Policing Worsens Public Safety for Puerto Rico’s Most Vulnerable

When existing political economic structures are faltering or being called in question, political elites have strategically mobilized fears about crime and violence to increase their reach and consolidate power. Stuart Hall and his colleagues outlined this process in the foundational text Policing the Crisis: Mugging, the State, and Law and Order, in which they noted that when society seems to be “slipping into a certain crisis,” panic over crime and violence can “serve as the articulator of the crisis, as its ideological conductor.” Panic about crime allows for the existing social order, and the unequal power dynamics that it produces, to be stabilized or strengthened throwing the “slow build-up to a ‘soft’ law-and-order society.” Under the guide of public safety, political elites are able to promote repressive policies that would normally receive tremendous pushback from various sectors of society. The Puerto Rican state strengthened its security apparatus and promoted a punitive common sense that treated violent crime as the central problem confronting the archipelago in order to elide the role of colonial capitalism in producing the insecurity experienced by many Puerto Ricans.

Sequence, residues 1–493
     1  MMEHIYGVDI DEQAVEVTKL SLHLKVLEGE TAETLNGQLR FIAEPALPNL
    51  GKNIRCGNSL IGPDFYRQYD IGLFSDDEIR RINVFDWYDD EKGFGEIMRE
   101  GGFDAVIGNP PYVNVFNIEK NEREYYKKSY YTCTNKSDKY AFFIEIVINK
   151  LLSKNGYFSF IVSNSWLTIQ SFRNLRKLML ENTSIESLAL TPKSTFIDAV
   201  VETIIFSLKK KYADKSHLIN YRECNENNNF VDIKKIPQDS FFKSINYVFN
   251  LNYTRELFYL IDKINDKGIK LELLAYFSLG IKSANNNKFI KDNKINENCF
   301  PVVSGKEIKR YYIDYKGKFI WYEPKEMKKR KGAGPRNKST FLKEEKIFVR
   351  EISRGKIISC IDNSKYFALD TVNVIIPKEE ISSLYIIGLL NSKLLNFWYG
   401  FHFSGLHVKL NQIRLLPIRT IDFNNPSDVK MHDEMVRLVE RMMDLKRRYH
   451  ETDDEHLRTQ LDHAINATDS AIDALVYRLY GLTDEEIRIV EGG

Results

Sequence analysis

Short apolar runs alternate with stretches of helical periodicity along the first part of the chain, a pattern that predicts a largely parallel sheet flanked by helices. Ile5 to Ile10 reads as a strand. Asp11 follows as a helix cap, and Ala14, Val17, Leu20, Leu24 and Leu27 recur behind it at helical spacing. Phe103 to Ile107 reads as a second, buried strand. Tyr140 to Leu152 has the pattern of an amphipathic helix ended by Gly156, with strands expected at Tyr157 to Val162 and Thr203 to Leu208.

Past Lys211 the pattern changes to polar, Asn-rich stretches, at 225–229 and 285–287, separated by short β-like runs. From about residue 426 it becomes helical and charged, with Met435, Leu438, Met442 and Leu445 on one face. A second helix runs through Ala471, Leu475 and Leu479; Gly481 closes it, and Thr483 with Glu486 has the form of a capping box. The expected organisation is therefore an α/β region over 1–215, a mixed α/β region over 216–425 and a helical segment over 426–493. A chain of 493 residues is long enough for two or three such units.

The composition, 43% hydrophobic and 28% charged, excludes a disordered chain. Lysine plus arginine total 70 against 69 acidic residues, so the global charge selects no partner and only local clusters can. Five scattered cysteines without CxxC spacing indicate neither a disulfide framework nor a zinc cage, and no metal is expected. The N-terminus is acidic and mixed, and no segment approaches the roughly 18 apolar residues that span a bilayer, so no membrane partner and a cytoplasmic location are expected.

Accepting the colonial lie of Puerto Rico’s “nonviability,” the Puerto Rican government did not challenge the model of continued incorporation within the United States. Rather, left with the ruins of a failed development model and few options to…

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